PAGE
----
The Effect of Ketamine on Intracranial and Cerebral Perfusion Pressure and Health Outcomes: A Systematic Review

Ann Emerg Med. 2014 Jul 16. pii: S0196-0644(14)00529-0. doi: 10.1016/j.annemergmed.2014.06.018.

I was sitting in our handover recently when the use of Ketamine came up. It was generally agreed in the room that Ketamine should not be used for the patient with a raised ICP. I had only recently read the above paper so this lead me to think about this more and try to dismiss this myth.

A systematic review of the evidence surrounding the use of Ketamine and its effects on intracranial presure.

Review of 10 studies involving 953 patients comparing the use of Ketamine with other sedative agents. Two studies reported small reductions in ICP and 2 studies reported an increase.

Conclusion- the use of ketamine in critically ill patients does not appear to adversely affect patient outcomes.

The ketamine effect on ICP in traumatic brain injury.

Neurocrit Care. 2014 Aug;21(1):163-73. doi: 10.1007/s12028-013-9950-y.

Whilst the population in this particular study was very specifically trauma patients I thin there are a lot of points for us all to still take away. Across all studies, of the 101 adult and 55 paediatric patients described ICP did not increase in any of the studies described and in three the ICP actually fell. There currently exists Oxford level 2b, GRADE C evidence to support that ketamine does not increase ICP in severe TBI patients that are sedated and ventilated, and in fact may lower it in selected cases.

Up-to-date summarises the use of Ketamine quite nicely…

“Elevated intracranial pressure — Controversy persists regarding the use of ketamine in patients with a head injury due to concerns about elevating intracranial pressure (ICP). Opponents emphasize that ketamine can cause a rise in ICP through sympathetic stimulation, potentially exacerbating the condition of such patients [66,67]. However, when ketamine is used with a GABA agonist, this rise in ICP may not occur [68,69]. Furthermore, by increasing cerebral perfusion, ketamine may benefit patients with a neurologic injury [57,68].

Several small studies have begun to address intracranial pressure changes with the use of ketamine infusions, but these must be interpreted cautiously. Among surgical intensive care patients, ketamine may help to maintain cerebral perfusion pressure and reduce ICP, and appear safe to use:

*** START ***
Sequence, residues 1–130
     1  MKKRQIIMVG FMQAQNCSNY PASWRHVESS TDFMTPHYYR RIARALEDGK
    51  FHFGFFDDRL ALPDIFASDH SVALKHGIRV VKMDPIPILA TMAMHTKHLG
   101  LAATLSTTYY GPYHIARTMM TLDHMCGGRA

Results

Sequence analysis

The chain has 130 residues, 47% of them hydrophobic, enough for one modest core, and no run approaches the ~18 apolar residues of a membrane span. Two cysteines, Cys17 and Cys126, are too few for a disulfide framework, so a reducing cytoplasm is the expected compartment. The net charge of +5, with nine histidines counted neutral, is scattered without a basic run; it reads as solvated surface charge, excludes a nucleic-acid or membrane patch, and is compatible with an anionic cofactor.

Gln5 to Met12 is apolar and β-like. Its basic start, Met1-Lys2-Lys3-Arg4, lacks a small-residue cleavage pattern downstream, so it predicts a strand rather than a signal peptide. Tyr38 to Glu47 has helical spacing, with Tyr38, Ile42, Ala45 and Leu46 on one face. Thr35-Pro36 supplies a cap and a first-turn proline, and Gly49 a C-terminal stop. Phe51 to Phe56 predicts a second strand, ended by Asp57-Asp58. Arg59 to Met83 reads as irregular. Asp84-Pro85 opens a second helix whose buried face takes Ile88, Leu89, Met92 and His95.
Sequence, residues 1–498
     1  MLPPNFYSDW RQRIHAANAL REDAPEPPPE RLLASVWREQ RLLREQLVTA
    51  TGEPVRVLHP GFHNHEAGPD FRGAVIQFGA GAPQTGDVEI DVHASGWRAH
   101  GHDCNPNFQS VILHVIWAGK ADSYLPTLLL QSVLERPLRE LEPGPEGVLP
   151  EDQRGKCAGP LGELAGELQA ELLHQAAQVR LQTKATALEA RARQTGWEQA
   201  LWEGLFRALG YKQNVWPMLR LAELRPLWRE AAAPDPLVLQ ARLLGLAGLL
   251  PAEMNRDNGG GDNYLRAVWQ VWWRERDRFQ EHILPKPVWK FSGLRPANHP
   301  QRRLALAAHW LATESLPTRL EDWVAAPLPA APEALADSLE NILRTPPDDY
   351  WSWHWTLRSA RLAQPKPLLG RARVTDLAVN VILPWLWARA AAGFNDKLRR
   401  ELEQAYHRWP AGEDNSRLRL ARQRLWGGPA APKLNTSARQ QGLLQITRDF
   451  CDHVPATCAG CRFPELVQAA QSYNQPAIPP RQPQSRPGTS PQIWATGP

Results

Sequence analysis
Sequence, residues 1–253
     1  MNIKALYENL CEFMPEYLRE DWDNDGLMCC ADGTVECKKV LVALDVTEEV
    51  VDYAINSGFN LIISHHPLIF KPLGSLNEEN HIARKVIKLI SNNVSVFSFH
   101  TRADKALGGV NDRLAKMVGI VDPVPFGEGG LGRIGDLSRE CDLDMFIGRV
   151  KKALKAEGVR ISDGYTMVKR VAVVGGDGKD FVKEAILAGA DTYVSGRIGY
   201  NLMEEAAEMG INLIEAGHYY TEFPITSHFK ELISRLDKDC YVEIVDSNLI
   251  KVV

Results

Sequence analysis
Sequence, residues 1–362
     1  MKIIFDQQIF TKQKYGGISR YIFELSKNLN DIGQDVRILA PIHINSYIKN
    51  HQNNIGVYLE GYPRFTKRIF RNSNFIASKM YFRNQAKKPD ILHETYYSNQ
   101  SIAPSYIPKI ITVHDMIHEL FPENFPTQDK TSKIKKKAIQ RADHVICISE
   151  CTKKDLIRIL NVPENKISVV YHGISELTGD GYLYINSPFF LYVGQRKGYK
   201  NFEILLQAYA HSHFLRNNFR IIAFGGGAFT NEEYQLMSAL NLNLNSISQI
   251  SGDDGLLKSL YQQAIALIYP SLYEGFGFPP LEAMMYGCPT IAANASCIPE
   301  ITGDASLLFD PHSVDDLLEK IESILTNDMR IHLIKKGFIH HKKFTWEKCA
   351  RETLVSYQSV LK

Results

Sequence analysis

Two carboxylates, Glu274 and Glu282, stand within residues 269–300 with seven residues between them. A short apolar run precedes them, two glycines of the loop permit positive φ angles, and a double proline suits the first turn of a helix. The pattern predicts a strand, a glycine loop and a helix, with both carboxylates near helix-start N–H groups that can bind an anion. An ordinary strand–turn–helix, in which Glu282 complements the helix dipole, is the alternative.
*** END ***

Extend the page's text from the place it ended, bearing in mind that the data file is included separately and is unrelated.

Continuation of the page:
●In an observational study, eight patients with traumatic brain injury and elevated ICP, who were sedated with propofol, were given different doses of ketamine (1.5, 3, or 5 mg/kg). ICP monitoring revealed an initial decline in ICP in all three groups, then slight ICP elevations at varying times in the lowest and highest dose groups (23 percent rise at 10 minutes in the 1.5 mg/kg group; 27 percent rise at 30 minutes in the 5 mg/kg group), but no elevations in the intermediate dose group. Ketamine did not alter cerebral hemodynamics at any time.
●In a prospective observational study, 30 pediatric ICU patients with sustained elevations in ICP refractory to other treatments were given ketamine to reduce ICP or to prevent further elevations of ICP during procedures [70]. Overall, ketamine was administered 82 times and was associated with reductions in ICP (from 25.8 +/- 8.4 to 18.0 +/- 8.5 mmHg) and improved cerebral perfusion pressure (54.4 +/- 11.7 to 58.3 +/- 13.4 mmHg).
●In a randomized trial, researchers assigned 25 patients with traumatic brain injury (TBI) to sedation with either ketamine and midazolam or sufentanil and midazolam. No significant differences in intracranial pressure or cerebral perfusion pressure were observed. An observational study of 24 patients with TBI or subarachnoid hemorrhage compared sedation protocols using ketamine or fentanyl and reported similar results .
Other studies suggest ketamine does not interfere with cerebral metabolism; it does not increase cerebral oxygen consumption and does not reduce regional glucose metabolism [57,73,74]. Ketamine can also offset any decrease in mean arterial pressure caused by fentanyl, a drug commonly used as part of RSI in patients with a head injury [71].

On balance, evidence suggesting ketamine elevates ICP is weak, and evidence that harm might ensue is weaker. We believe ketamine is an appropriate induction agent for RSI in patients with suspected ICP elevation and normal blood pressure or hypotension. In patients with hypertension and suspected ICP elevation, ketamine should be avoided because of its tendency to further elevate blood pressure”

Canadian Journal of Emergency Medicine

Best Bets Review

Journal of Anaesthesia meta analysis

Department of Emergency Medicine Indiana University

PHARM Podcast

Oli Flower- sedation in Traumatic Brain Injury

Listen to Stitcher

Get in touch with Jonathan

I would love to hear from you so that we can start to work together.
  • Send an email to contact@criticalcarepractitioner.co.uk
  • Use my voicemail service link to the right of this page
  • Fill in contact form at the bottom of the page
[123-contact-form i882618]

Originally posted 2014-08-27 07:07:55. Republished by Blog Post Promoter

Tagged with →  
Share →

Leave a Reply

Your email address will not be published. Required fields are marked *